The plt is extended to also include the files specified with -c and -r. Use --plt to specify which plt to start from, and --output_plt to specify where to put the plt. Note that the analysis might include files from the plt if they depend on the new files. This option only works with beam files.
The information from the files specified with -c and -r is removed from the plt. Note that this may cause a re-analysis of the remaining dependent files.
Check the plt for consistency and rebuild it if it is not up-to-date.
Skip the plt check when running Dialyzer. Useful when working with installed plts that never change.
Make Dialyzer print information about the plt and then quit. The plt can be specified with --plt(s).
Make Dialyzer emit warnings even when manipulating the plt. Warnings are only emitted for files that are actually analyzed.
--dump_callgraph file
Dump the call graph into the specified file whose format is determined by the file name extension. Supported extensions are: raw, dot, and ps. If something else is used as file name extension, default format '.raw' will be used.
--no_native (or -nn)
Bypass the native code compilation of some key files that Dialyzer heuristically performs when dialyzing many files; this avoids the compilation time but it may result in (much) longer analysis time.
Display the full path names of files for which warnings are emitted.
Use the GUI.


* denotes that multiple occurrences of these options are possible.

** options -D and -I work both from command-line and in the Dialyzer GUI; the syntax of defines and includes is the same as that used by erlc.

Warning options:

Suppress warnings for functions that will never return a value.
Suppress warnings for unused functions.
Suppress warnings for construction of improper lists.
Suppress warnings for using tuples instead of funs.
Suppress warnings for fun applications that will fail.
Suppress warnings for patterns that are unused or cannot match.
Suppress warnings for violations of opaqueness of data types.
Suppress warnings about behaviour callbacks which drift from the published recommended interfaces.
Include warnings for function calls which ignore a structured return value or do not match against one of many possible return value(s).
Include warnings for functions that only return by means of an exception.
Include warnings for possible race conditions.
Warn about underspecified functions (the -spec is strictly more allowing than the success typing).

The following options are also available but their use is not recommended: (they are mostly for Dialyzer developers and internal debugging)

Warn about overspecified functions (the -spec is strictly less allowing than the success typing).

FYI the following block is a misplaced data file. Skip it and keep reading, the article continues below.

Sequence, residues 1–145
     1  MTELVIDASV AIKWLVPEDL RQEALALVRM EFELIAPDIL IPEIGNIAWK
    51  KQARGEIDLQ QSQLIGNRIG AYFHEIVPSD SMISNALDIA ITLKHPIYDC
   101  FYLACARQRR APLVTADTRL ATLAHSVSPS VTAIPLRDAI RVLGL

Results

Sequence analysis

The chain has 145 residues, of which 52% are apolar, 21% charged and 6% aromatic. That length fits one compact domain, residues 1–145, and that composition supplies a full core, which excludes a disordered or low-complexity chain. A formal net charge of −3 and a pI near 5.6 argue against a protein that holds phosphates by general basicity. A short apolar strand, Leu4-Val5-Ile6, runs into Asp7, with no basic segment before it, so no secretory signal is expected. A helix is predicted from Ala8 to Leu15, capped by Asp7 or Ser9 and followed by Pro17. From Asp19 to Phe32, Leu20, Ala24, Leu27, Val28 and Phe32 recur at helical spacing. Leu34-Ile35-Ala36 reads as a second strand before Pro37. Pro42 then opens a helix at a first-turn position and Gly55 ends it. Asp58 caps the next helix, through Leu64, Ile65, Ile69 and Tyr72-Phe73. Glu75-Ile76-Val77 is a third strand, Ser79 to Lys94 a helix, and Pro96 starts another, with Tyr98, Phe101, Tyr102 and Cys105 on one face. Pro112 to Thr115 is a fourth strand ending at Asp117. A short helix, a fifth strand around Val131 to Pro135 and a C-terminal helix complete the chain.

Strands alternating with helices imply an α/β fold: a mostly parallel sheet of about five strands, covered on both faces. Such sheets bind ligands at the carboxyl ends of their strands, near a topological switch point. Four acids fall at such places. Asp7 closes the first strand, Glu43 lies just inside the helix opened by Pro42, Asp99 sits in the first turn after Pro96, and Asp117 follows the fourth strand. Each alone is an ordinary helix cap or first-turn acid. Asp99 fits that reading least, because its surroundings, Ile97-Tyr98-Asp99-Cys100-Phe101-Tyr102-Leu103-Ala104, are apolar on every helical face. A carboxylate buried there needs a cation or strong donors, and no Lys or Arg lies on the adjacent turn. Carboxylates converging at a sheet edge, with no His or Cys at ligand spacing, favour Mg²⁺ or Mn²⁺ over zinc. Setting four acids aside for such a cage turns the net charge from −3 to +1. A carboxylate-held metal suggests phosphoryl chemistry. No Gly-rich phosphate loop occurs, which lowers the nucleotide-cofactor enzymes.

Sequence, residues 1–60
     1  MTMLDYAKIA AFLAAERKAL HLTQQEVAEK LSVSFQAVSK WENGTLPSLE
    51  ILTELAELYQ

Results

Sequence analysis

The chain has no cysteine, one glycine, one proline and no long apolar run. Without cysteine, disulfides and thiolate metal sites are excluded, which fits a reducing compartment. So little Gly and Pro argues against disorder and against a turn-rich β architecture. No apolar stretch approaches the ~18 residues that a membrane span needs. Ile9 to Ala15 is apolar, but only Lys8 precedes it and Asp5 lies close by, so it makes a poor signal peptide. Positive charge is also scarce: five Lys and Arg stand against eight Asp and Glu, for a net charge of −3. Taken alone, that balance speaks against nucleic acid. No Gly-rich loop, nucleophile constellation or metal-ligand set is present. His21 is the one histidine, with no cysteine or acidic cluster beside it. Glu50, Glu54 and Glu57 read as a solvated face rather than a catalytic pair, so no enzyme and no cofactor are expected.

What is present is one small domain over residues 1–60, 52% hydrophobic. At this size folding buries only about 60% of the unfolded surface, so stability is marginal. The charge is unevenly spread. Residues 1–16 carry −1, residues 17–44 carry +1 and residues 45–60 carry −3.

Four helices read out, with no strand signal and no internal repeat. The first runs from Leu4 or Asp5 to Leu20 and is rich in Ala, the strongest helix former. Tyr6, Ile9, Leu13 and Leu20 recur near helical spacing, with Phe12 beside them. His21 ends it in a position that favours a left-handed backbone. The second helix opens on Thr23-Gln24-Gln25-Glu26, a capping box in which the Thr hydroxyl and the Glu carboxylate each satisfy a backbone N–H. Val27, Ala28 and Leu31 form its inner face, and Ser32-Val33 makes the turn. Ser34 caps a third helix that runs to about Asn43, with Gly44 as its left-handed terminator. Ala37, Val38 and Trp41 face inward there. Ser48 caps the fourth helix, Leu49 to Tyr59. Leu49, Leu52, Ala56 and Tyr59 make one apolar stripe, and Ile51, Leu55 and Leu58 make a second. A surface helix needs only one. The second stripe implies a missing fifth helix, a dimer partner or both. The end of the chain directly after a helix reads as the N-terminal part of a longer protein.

Warn when the -spec is different than the success typing.


*** Identifies options that turn on warnings rather than turning them off.

Using the Dialyzer from Erlang

You can also use Dialyzer directly from Erlang. Both the GUI and the command line versions are available. The options are similar to the ones given from the command line, so please refer to the sections above for a description of these.


gui() -> ok | {error, Msg}

gui(OptList) -> ok | {error, Msg}

  • OptList -- see below

Dialyzer GUI version.

OptList  :: [Option]
Option   :: {files,          [Filename :: string()]}
          | {files_rec,      [DirName :: string()]}
          | {defines,        [{Macro: atom(), Value : term()}]}
          | {from,           src_code | byte_code} %% Defaults to byte_code
          | {init_plt,       FileName :: string()}  %% If changed from default
          | {plts,           [FileName :: string()]} %% If changed from default
          | {include_dirs,   [DirName :: string()]}
          | {output_file,    FileName :: string()}
          | {output_plt,     FileName :: string()}
          | {analysis_type,  'succ_typings' |
                             'plt_add' |
                             'plt_build' |
                             'plt_check' |
          | {warnings,       [WarnOpts]}
          | {get_warnings,   bool()}

WarnOpts :: no_return
          | no_unused
          | no_improper_lists
          | no_fun_app
          | no_match
          | no_opaque
          | no_fail_call
          | error_handling
          | race_conditions
          | behaviours
          | unmatched_returns
          | overspecs
          | underspecs
          | specdiffs

run(OptList) -> Warnings

  • OptList -- see gui/0,1
  • Warnings -- see below

Dialyzer command line version.

Warnings :: [{Tag, Id, Msg}]
Tag :: 'warn_return_no_exit' | 'warn_return_only_exit'
     | 'warn_not_called' | 'warn_non_proper_list'
     | 'warn_fun_app' | 'warn_matching'
     | 'warn_failing_call' | 'warn_contract_types'
     | 'warn_contract_syntax' | 'warn_contract_not_equal'
     | 'warn_contract_subtype' | 'warn_contract_supertype'
Id = {File :: string(), Line :: integer()}
Msg = msg() -- Undefined

format_warning(Msg) -> string()

  • Msg = {Tag, Id, msg()} -- See run/1

Get a string from warnings as returned by dialyzer:run/1.

plt_info(string()) -> {'ok', [{atom(), any()}]} | {'error', atom()}

Returns information about the specified plt.